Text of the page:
A Better Understanding of Wealth Inequality in the United States
Dr. William Darity, Jr. is the Samuel DuBois Cook Professor of Public Policy, African and African American Studies, and Economics and the Director of the Samuel DuBois Cook Center on Social Equity at Duke University. He has served as chair of the Department of African and African American Studies and was the Founding Director of the Research Network on Racial and Ethnic Inequality at Duke. Previously, he served as Director of the Institute of African American Research, Director of the Moore Undergraduate Research Apprenticeship Program, Director of the Undergraduate Honors Program in economics, and Director of Graduate Studies at the University of North Carolina.
Dr. Darity will receive an award for his work at the 2017 Future of Wealth Summit.
It is vital in improving our understanding of wealth inequality in the United States — both racial and overall wealth inequality — that we recognize (by measuring the direct effect of inheritances and gifts on asset building for younger generations) how much we underestimate the impact of the intergenerational transmission of wealth.
In fact, we should refer to the intergenerational effects of the transmission of wealth, instead of the narrower concept of intergenerational transfers of wealth. In addition to making direct transfers of resources across generations, wealthier parents are able to provide a climate of general economic security for their children that reduces the likelihood that they will ever experience the traumas of economic deprivation.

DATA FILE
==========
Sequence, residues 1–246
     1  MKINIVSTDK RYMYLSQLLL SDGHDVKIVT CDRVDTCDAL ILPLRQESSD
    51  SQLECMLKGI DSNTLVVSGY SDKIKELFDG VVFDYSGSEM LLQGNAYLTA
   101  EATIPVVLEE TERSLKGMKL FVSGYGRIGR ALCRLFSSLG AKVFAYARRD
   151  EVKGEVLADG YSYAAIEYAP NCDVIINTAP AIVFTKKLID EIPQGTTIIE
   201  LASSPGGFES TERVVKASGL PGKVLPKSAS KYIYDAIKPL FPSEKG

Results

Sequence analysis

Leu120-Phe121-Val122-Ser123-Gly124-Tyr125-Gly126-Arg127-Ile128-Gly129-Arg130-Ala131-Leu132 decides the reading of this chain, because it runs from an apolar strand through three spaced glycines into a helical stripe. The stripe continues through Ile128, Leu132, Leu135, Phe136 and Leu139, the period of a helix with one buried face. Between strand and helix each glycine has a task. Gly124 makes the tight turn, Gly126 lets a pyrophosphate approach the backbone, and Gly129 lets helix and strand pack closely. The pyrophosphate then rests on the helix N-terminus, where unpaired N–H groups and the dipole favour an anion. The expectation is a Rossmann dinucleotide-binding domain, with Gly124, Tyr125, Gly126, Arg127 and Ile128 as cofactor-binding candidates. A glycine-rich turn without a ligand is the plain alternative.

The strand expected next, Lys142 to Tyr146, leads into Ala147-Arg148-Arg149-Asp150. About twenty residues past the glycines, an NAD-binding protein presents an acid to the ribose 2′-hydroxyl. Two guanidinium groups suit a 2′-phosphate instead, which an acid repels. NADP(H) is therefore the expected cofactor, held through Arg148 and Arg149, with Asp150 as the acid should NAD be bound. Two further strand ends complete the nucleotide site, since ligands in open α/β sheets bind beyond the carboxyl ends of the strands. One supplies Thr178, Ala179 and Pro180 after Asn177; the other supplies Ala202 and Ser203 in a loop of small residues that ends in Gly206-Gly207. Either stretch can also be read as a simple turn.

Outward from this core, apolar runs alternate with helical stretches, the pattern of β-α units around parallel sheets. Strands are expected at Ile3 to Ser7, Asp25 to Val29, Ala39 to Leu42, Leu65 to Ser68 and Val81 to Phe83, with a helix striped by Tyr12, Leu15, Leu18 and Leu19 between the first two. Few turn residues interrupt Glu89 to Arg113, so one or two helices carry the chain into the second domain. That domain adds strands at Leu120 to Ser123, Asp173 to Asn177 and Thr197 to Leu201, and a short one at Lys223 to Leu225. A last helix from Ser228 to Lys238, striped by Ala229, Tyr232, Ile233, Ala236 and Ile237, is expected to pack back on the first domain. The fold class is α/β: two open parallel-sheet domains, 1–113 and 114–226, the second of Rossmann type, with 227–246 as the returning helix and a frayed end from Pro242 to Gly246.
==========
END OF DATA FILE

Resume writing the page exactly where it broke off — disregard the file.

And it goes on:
Wealthier parents also have the capacity to allow the timing of their transfers of resources to give their children the greatest opportunities.
For example, if parents have the flexibility to provide their children with funds when they enter college or university or when they need to make a down payment for a mortgage on a home, this has vast ramifications on the child’s wealth position beyond the actual amounts of the transfers. By underestimating the intergenerational effects of parental wealth on the next generation’s wealth, we also overstate the importance of current income flows on asset building via savings activity. Correspondingly, we overstate the importance of education on asset building. There is a critical need for researchers to examine the association between the relative position of parental (and grandparental) wealth on the relative position of the younger generation’s wealth, rather than the direct contribution of inheritances and gifts to the net worth position attained by the younger generation. Work being done by Jermaine Toney, Darrick Hamilton and myself is intended to address that need, and we look forward to circulating it once it is complete.